In the meantime I had a speaking appointment the following week in the lovely western New South Wales town of Mudgee, for the Australian Decorative and Fine Arts Society (ADFAS). The doctors said it was safe to go.

That evening Ross and I strolled through the Domain – part of Sydney's Royal Botanic Gardens - to the area known as the Fleet Steps. This wide flight of steps, hewn by early convict labour from the sandstone that also contributes so significantly to the city, leads down from the road that snakes along a finger of land that protrudes into beautiful Sydney Harbour. This part of the harbour is called Farm Cove, where the first farm had been created by Captain Arthur Phillip when he arrived with his First Fleet, on 26th January 1788. This was another of the bays responsible in such a vibrant way for much of the character of the harbour. Named after the wife of one of the early governors of the colony of New South Wales, Mrs Macquarie's Road is shaded by the massive, ancient fig trees that are native to the area.

The Fleet Steps end in a wide platform of grass that rolls down to the harbour, reinforced there by a low stone wall. Also part of the city's Botanic Gardens, which had been established in 1816 by Governor Macquarie, the site is perhaps the most sought after in the city for events, from fundraising balls, to weddings. The world's leaders, from Queen Elizabeth to President Clinton, have given speeches on the site. It is also, incidentally, where I held the first charity event on the site, in November 1986: a ball we called 'A Summer Cotillion in the Gardens', in aid of research into cot death, or Sudden Infant Death Syndrome.

On this evening, in April 2012, Ross and I had tickets to the opera, La Traviata, being performed on a large stage set over the harbour at the Fleet Steps. It was a bitter sweet evening: both magical and very sad. I felt almost as tragic as poor, sick Violetta. It was deeply poignant, rugged up in winter clothes - a ski jacket and wrapped in several shawls - watching Violetta dying against the backdrop of the Sydney Opera House and with illuminated cruise ships and ferries gliding past.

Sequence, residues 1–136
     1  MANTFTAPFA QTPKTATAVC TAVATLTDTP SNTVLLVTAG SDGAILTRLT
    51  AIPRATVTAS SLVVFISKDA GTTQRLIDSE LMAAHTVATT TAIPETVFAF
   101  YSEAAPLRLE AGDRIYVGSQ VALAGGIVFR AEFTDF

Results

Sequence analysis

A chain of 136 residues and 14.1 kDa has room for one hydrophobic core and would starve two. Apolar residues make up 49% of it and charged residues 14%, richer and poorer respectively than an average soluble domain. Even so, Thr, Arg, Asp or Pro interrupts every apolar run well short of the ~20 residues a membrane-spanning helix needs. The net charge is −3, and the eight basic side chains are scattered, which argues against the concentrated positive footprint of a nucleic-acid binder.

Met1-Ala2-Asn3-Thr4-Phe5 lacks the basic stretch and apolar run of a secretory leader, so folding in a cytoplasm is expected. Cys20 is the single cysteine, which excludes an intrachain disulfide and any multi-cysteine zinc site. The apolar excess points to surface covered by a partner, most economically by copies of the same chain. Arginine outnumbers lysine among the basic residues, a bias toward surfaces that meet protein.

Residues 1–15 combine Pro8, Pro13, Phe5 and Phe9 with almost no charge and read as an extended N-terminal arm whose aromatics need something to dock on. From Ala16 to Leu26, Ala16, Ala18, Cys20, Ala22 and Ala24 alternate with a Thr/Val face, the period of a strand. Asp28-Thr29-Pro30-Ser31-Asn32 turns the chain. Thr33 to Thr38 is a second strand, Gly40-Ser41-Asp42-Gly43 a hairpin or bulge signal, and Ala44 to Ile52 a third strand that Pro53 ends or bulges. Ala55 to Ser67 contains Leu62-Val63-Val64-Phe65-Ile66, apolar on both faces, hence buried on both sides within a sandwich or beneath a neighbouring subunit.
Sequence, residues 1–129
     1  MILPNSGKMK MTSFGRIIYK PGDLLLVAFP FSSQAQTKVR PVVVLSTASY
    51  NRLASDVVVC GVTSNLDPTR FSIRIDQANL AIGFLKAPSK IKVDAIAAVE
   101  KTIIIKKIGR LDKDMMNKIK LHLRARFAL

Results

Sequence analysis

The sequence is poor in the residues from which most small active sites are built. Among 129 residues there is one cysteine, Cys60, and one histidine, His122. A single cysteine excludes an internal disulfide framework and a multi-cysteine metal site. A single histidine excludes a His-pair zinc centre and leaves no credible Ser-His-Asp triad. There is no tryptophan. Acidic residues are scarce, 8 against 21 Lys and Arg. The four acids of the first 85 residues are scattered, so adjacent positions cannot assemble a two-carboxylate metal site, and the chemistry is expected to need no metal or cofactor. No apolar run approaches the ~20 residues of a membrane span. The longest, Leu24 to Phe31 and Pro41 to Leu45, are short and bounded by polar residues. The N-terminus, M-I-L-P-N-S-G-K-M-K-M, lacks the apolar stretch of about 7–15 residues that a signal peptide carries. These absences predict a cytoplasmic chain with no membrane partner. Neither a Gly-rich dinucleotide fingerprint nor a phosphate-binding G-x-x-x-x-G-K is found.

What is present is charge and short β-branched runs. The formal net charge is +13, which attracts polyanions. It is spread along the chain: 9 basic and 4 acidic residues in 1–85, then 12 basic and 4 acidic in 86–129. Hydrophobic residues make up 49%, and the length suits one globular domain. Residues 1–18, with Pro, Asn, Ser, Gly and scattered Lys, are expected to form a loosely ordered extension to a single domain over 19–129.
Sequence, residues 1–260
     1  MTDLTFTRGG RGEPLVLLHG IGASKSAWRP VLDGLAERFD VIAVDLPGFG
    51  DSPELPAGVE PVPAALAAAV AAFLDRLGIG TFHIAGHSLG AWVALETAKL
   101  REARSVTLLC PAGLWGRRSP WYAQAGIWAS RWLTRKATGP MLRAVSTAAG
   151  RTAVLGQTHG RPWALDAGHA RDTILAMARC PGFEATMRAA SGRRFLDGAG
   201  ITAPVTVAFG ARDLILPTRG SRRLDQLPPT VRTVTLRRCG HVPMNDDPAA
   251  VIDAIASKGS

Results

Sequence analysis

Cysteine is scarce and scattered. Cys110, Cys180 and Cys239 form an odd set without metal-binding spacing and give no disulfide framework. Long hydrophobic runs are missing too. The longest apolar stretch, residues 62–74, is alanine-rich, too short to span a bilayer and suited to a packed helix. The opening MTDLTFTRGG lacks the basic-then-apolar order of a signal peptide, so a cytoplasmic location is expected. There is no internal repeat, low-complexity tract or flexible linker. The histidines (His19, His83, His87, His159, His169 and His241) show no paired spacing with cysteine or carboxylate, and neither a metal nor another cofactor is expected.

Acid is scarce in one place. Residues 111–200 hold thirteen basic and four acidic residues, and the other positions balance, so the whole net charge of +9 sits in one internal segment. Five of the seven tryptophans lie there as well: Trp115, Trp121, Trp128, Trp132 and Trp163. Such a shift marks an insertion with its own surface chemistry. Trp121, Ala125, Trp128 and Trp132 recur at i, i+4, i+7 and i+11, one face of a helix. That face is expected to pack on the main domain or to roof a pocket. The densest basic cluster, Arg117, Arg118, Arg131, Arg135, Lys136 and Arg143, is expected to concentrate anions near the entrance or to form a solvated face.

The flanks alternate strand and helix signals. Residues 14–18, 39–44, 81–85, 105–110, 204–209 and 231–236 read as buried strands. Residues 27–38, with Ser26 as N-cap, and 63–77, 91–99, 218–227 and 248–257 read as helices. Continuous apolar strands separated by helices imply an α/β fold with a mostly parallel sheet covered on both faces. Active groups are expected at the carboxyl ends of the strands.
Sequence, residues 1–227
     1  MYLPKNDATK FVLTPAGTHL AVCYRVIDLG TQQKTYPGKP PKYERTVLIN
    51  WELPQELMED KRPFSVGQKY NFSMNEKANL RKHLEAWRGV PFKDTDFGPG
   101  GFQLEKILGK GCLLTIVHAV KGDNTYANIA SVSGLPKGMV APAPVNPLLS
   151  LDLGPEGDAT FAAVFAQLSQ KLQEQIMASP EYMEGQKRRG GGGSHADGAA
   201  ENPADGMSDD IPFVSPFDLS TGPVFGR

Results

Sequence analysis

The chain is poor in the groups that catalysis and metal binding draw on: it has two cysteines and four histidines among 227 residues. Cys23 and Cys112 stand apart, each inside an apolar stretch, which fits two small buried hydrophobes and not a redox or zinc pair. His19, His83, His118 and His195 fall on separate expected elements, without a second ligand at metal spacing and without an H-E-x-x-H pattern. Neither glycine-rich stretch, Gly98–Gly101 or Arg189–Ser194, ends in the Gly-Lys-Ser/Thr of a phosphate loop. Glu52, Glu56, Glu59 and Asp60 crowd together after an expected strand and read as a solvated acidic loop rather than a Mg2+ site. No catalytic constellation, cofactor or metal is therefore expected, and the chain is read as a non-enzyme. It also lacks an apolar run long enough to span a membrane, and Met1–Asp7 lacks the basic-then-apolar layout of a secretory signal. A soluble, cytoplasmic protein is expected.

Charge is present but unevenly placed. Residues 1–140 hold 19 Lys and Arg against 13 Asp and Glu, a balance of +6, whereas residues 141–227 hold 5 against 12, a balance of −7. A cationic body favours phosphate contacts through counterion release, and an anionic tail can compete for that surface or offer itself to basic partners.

Before we left for Mudgee, however, I needed a PET (Positron Emission Tomography) scan, so that the doctors could see more of the 'progress' of my tumours. While our hospitals are wonderful, at Royal Prince Alfred it was depressing to have to run the gauntlet of very sick patients, sitting outside the hospital in their wheel chairs, hooked up to their chemo drugs, smoking! I felt they were throwing their health care, with its enormous cost, back in the face of the government, and the tax payers. While I was waiting for the radioactive material to course through my veins, a young trainee doctor came to interview me, asking for my family history and how my cancer had presented. Apart from asking me obvious questions such as my smoking history – or lack of it - she asked if I could have been exposed to asbestos. I found this amusing, as in our house we almost need an electrician to change the light bulbs; we would have been unlikely to attempt any DIY home renovations.

The worst part of having a PET scan is that a canula needs to be inserted into a vein to allow sugars to run throughout the body. Any cancer cells in the body gobble up the sugars and become fat, revealing themselves. Clever, but I needed a valium to alleviate my stress at the thought of any steel, no matter how thin, being inserted into my vein. The young nurse did not insert the canula properly and it had to be re-inserted by a senior nurse. She advised me to learn to meditate, to journey to a 'happy place' to cope with all the needles I was about to endure. The results of that PET scan were good and bad: no additional tumours had appeared, but two lymph nodes 'were involved.' That was Oncologist-speak for the fact that the cancer had made itself at home in my lymph glands. When we finally met with Professor McCaughan, after our return from Mudgee, he advised that he could not operate unless the cancer had cleared. This was a huge blow as I had assumed that I would go into hospital immediately. And much later, at the end of 2012, after he had successfully operated, the Professor admitted that when I had first consulted him in April he had not expected to see me again: he had thought privately that I would not make it.

I was so pleased that I had honoured my commitment to the Mudgee ADFAS. It was, again, a bitter sweet time. As Ross and I drove the four hours west to Mudgee, over the Blue Mountains and through countryside washed with autumn colours lit by golden light, I wondered, yet again, what challenges the next few months would present. I desperately wanted another chance at this life that I had, until this diagnosis, taken for granted.

We loved Mudgee, with its large pastoral estates and its comfortable town, the buildings wrapped in the wrought iron that had travelled from England as ballast in early ships to the colony.

My lecture that evening was attended by over 100 people, some of whom had not booked, and had come from outlying areas. I had been worried I might faint in the middle of it all, due to the brain operation and the stress of my situation, but it went well, with plenty of questions from the audience afterward.

Our hostess in Mudgee, to whom I had not confessed my health drama, had organised a lovely dinner party after the lecture. It was great fun, almost surreal, and again, I felt I was in a film script; a script that I was writing for someone else. It was hard to believe I was in this strange situation. A sort of 'out of body' experience.